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About Dennboy

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    The Netherlands
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    high speed sensing, ADC, SPI, DMA, GPIO, hardware interrupts

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  1. A way to disable hardware is by setting its status to disabled in the device tree, take a look at " dtc -I fs -O dts /sys/firmware/devicetree/base|less" to see the runtime devicetree. For instance for sound and video this would look like below, which you can convert to dtb with something like "dtc -I dts -O dtb youroverlay.dts > youroverlay.dtb" and add as a user-overlay (place dtb file in /boot/overlay-user) and add "user-overlays=youroverlay" line in /boot/armbianEnv.txt. /dts-v1/; / { compatible = "allwinner,sun8i-h3","allwinner,sun50i-h5","friendlyarm,nanopi-neo2"; fragment@0 { target-path = "/soc"; __overlay__ { hdmi@1ee0000 { status = "disabled"; }; mixer@1100000 { status = "disabled"; }; sound { status = "disabled"; }; }; }; fragment@1 { target-path = [2f 00]; __overlay__ { sound { status = "disabled"; }; }; }; };
  2. Hi Robert, I recently looked at the spi controller driver and discovered that the DMA configuration is not used by the SPI controller. It found that dma_set_mask_and_coherent only gives a result until kernel version 4.13.3 (and maybe a bit later), and fails after kernel version 4.14.39 and later). The result is that the DMA configured for SPI is silently ignored, and regular SPI transfers are done instead. Can you confirm that you don't see any performance improvement with DMA enabled? Kind regards, Dennis
  3. I digged further into the kernel code and had a look at spi.c and spi-sun6i.c. It appears that can_dma is a function pointer that is checked while setting up DMA for a transaction. This function pointer is not assigned in spi-sun6i.c (and spi-sun4i.c for that matter). This would explain why I don't see performance improvements when I try to use DMA for with kernel 4.13.3, since the DMA ignored because can_dma=0x0. I compared the behavior with the spi-stm32.c in the 4.14.67 kernel, and this driver reads the controller DMA addresses and sets the can_dma function pointer when they are set: spi->dma_tx = dma_request_slave_channel(spi->dev, "tx"); if (!spi->dma_tx) dev_warn(&pdev->dev, "failed to request tx dma channel\n"); else master->dma_tx = spi->dma_tx; spi->dma_rx = dma_request_slave_channel(spi->dev, "rx"); if (!spi->dma_rx) dev_warn(&pdev->dev, "failed to request rx dma channel\n"); else master->dma_rx = spi->dma_rx; if (spi->dma_tx || spi->dma_rx) master->can_dma = stm32_spi_can_dma; The assigned function stm32_spi_can_dma mainly checks if it makes sense to do dma, i.e. is the transfer size bigger than the fifo (I believe the fifo is 64 bits for the H3 SPI Controller, so that may pay off for most SPI transactions): return (transfer->len > spi->fifo_size); Bottom line, the SPI controller does not yet take the configured DMA configuration into account, and it could be fixed using a similar approach to the spi-stm32.c. The
  4. Dear Ohms, Many thanks for your feedback. Indeed, the dma_set_mask_and_coherent call does no longer work with the same driver code and device tree. Regarding the sunxi modifications, I cannot easily find release notes of the modifications between kernel 4.13.3 and newer. The change could also be in the mainline kernel updates, e.g. stricter checks in the DMA or SPI driver. The strange thing is that independent of kernel version spi->controller->can_dma is 0x0, which is supposed to tell whether the controller supports DMA according to spi.h. @can_dma: determine whether this controller supports DMA Could it be that the DMA part of the SPI controller is not completely configured from the information in the device tree? Furthermore, I don't notice any performance gain when I have DMA enabled in the older 4.13.3 kernel and allocate coherent memory for rx_dma and tx_dma in the spi_transfer struct (using dmam_alloc_coherent).
  5. Dennboy


  6. Hi user283746, Thanks for your suggestion, it could indeed be better to change the defaults, but then with the userspace governor. I initially placed the my cpufreq command in /etc/rc.local to make it persistent. cpufreq-info tells me the available frequencies and governers (e.g. on H5): available frequency steps: 408 MHz, 648 MHz, 816 MHz, 912 MHz, 960 MHz, 1.01 GHz, 1.06 GHz, 1.10 GHz, 1.15 GHz available cpufreq governors: conservative, userspace, powersave, ondemand, performance, schedutil I have no clue how to underclock RAM, didn't find hints in the devicetree or boot commands.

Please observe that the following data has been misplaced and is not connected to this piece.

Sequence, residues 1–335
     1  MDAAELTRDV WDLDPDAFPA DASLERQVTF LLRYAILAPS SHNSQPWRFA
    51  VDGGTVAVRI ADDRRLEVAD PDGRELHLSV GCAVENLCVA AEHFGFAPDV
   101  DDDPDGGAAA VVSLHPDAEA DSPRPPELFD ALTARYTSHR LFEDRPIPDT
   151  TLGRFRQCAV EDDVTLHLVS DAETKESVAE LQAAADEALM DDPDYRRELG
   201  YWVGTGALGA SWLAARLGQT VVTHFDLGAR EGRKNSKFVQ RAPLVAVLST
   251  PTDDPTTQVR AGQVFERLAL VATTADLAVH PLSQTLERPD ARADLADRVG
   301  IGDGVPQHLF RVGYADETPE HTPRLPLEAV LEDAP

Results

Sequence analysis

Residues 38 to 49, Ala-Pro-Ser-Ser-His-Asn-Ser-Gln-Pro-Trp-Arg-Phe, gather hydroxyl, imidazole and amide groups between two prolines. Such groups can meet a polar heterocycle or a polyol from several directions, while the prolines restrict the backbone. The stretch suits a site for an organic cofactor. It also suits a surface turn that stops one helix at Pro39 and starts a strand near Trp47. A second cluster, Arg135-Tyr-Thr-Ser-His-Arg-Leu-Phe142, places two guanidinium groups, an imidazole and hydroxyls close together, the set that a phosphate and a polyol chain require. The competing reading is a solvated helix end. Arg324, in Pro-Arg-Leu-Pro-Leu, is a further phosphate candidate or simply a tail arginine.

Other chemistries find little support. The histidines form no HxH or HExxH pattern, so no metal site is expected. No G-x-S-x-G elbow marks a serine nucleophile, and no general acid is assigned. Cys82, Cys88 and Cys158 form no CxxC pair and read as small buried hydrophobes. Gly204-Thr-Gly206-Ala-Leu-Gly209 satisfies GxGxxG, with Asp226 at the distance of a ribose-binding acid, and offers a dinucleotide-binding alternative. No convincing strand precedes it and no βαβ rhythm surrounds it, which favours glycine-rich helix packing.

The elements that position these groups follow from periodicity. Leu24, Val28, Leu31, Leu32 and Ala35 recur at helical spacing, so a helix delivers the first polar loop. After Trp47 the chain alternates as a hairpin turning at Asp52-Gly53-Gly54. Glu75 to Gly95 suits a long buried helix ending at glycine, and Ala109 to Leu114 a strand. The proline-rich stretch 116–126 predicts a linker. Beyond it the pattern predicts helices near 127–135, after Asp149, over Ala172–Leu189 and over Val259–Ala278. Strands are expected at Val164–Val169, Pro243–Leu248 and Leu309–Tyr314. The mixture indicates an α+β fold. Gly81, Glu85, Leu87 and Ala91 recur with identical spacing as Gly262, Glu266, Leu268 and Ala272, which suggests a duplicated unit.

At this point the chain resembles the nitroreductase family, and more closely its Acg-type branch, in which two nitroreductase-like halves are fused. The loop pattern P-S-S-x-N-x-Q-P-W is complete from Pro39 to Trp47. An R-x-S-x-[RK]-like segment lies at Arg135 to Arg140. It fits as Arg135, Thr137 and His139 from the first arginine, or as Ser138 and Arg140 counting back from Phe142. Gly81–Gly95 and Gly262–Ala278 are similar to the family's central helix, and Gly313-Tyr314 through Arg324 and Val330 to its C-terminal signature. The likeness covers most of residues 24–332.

7. Dear mainline developers, I'm writing a (mainline) SPI driver for de ads131 from TI which I would like to make use of DMA, on the orangePIzero H2, zero+ H3/H5 and nanopi NEO2+. On the 4.13.3-sunxi kernel (armbian 5.33), this works fine, the driver is automatically loaded when the associated devicetree overlay is loaded, and the DMA can be allocated. However, when I compile the same driver for newer kernels (4.14.17-sunxi, 4.14.39-sunxi, 4.14.67-sunxi armbian 5.59), the dma allocation no longer appears to work, while the SPI part of the devicetree is identical except for the phandle (checked with dtc -I fs /sys/firmware/devicetree/base on newest 4.14.67-sunxi kernel, since 4.14.65 headers were not available in newest 5.59 stretch mainline H3 image) and does specify the DMA addresses for the SPI controller: spi@01c69000 { compatible = "allwinner,sun8i-h3-spi"; clocks = <0x6 0x1f 0x6 0x53>; resets = <0x6 0x10>; clock-names = "ahb", "mod"; status = "okay"; #address-cells = <0x1>; interrupts = <0x0 0x42 0x4>; #size-cells = <0x0>; dma-names = "rx", "tx"; phandle = <0x5e>; reg = <0x1c69000 0x1000>; pinctrl-0 = <0x21>; dmas = <0x1f 0x18 0x1f 0x18>; linux,phandle = <0x5e>; pinctrl-names = "default"; ads131a04@0 { compatible = "ti,ads131a04"; status = "okay"; reg = <0x0>; spi-max-frequency = <0x1e84800>; }; }; I use the following DMA calls that appear to fail in newer kernels, and the driver reverts to non-DMA spi transfers: static int ads131_probe(struct spi_device *spi) { const struct spi_device_id *id = spi_get_device_id(spi); int ret; ret=spi_setup(spi); if (ret!=0) { printk("ads131: Problem setting up spi-device, ret=%d",ret); return ret; } printk("ads131: spi->controller->can_dma=0x%lx",(unsigned long)spi->controller->can_dma); ... if (!dma_set_mask_and_coherent(&spi->dev, DMA_BIT_MASK(64))) { printk("ads131: dma 64 bit"); } else if (!dma_set_mask_and_coherent(&spi->dev, DMA_BIT_MASK(32))) { printk("ads131: dma 32 bit"); } else if (dma_set_mask_and_coherent(&spi->dev, DMA_BIT_MASK(24))) { dev_warn(&spi->dev, "ads131: No suitable DMA available\n"); goto dma_ignore; } else { printk("ads131: dma 24 bit"); } ... I get the following output from my driver in kernel 4.14.67-sunxi: dennis@orangepizeroplus2:~$ dmesg |grep -i dma [ 0.000000] OF: reserved mem: initialized node linux,cma, compatible id shared-dma-pool [ 0.091893] DMA: preallocated 2048 KiB pool for atomic coherent allocations [ 5.254126] ads131: spi->controller->can_dma=0x0 [ 5.255134] ads131a04 spi0.0: ads131: No suitable DMA available I get the following with the older 4.13.3-sunxi kernel (armbian 5.33): [ 0.000000] OF: reserved mem: initialized node linux,cma, compatible id shared-dma-pool [ 19.848567] ads131: spi->controller->can_dma=0x0 [ 19.849538] ads131: dma 64 bit [ 19.849544] ads131: dma_mask=18446744073709551615 [ 19.849564] xfer dma memory allocated with 16 buffers Do I need to specify additional information in the devicetree for DMA to work in SPI drivers with newer kernels, or do I need to add something to my driver before trying to use DMA with newer kernels? Kind regards, Dennis